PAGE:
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Our research is in the area of osteoarthritis, which is an aging-related disease in which cartilage deteriorates resulting in painful joints and decreased mobility. Our long term goal is to develop novel treatment strategies which utilize protein transduction and build upon developed knowledge involving chondrocyte mechanotransduction.

Our first research area, cellular mechanotransduction, is related to our objective to learn how cells respond to mechanical cues. Our second research area, synovial joint drug delivery, is tied to the objective of a bioactive intraarticular delivery platform. As shown in the diagram above, we expect that by conducting research in these two areas, we will reach both objectives and ultimately fullfil our long term goal of developing novel strategies for treating joint disease.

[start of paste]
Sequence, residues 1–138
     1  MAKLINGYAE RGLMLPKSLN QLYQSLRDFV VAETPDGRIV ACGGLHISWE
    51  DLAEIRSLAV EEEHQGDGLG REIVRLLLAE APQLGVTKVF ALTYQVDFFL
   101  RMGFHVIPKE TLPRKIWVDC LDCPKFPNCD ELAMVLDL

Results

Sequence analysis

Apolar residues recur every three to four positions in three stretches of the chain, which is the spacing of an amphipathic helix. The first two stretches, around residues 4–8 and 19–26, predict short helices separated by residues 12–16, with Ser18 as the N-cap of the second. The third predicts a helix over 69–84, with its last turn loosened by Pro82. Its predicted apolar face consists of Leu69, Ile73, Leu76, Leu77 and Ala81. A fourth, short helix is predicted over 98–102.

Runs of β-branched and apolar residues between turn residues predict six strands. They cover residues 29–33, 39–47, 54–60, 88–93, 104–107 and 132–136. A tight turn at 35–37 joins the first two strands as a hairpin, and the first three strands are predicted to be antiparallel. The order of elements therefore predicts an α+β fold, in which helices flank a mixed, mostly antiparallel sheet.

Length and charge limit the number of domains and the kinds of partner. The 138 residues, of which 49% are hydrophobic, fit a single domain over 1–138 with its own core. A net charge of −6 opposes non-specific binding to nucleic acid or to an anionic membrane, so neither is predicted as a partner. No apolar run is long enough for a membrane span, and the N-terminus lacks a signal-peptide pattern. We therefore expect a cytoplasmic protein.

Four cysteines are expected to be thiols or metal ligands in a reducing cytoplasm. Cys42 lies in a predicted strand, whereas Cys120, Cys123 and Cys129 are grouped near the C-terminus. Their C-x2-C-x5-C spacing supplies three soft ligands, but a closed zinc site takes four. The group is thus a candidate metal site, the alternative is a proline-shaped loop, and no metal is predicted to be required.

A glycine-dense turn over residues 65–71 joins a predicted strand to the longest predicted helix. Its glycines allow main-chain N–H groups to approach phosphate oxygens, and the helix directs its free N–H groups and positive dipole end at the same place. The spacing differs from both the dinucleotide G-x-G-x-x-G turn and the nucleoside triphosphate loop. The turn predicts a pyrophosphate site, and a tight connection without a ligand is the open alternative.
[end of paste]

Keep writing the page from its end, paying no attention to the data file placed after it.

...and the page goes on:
Synovial Joint Drug Delivery

One roadblock for treating degenerative joint disorders is very short joint residence times for most molecules upon injection into the joint.  We are interested in using and modifying Protein Transduction Domains to improve the joint residence times of therapeutic cargo toward developing effective treatments for osteoarthritis and other joint disorders.

Cellular Mechanotransduction

All cells are subjected to mechanical loads from interactions with their environments (e.g. walking or gravity).  Several studies have demonstrated that cells change their biological behavior in response to mechanical loading.  We use chondrocytes (cartilage cells) as a model system and are interested in using a systems biology approach to understand how both chondrocytes and other cells respond to mechanical loading.


The foundation of our laboratory is well-controlled experimental data, but we also utilize computational methods in a hypothesis-driven manner.

Diagram of approach: experimental and computational methods lead to progress

Our long-term goal is to develop novel treatment strategies that use protein transduction and build upon what we know about how cartilage cells respond to mechanical loads caused by forces, such as gravity, and activities, such as walking.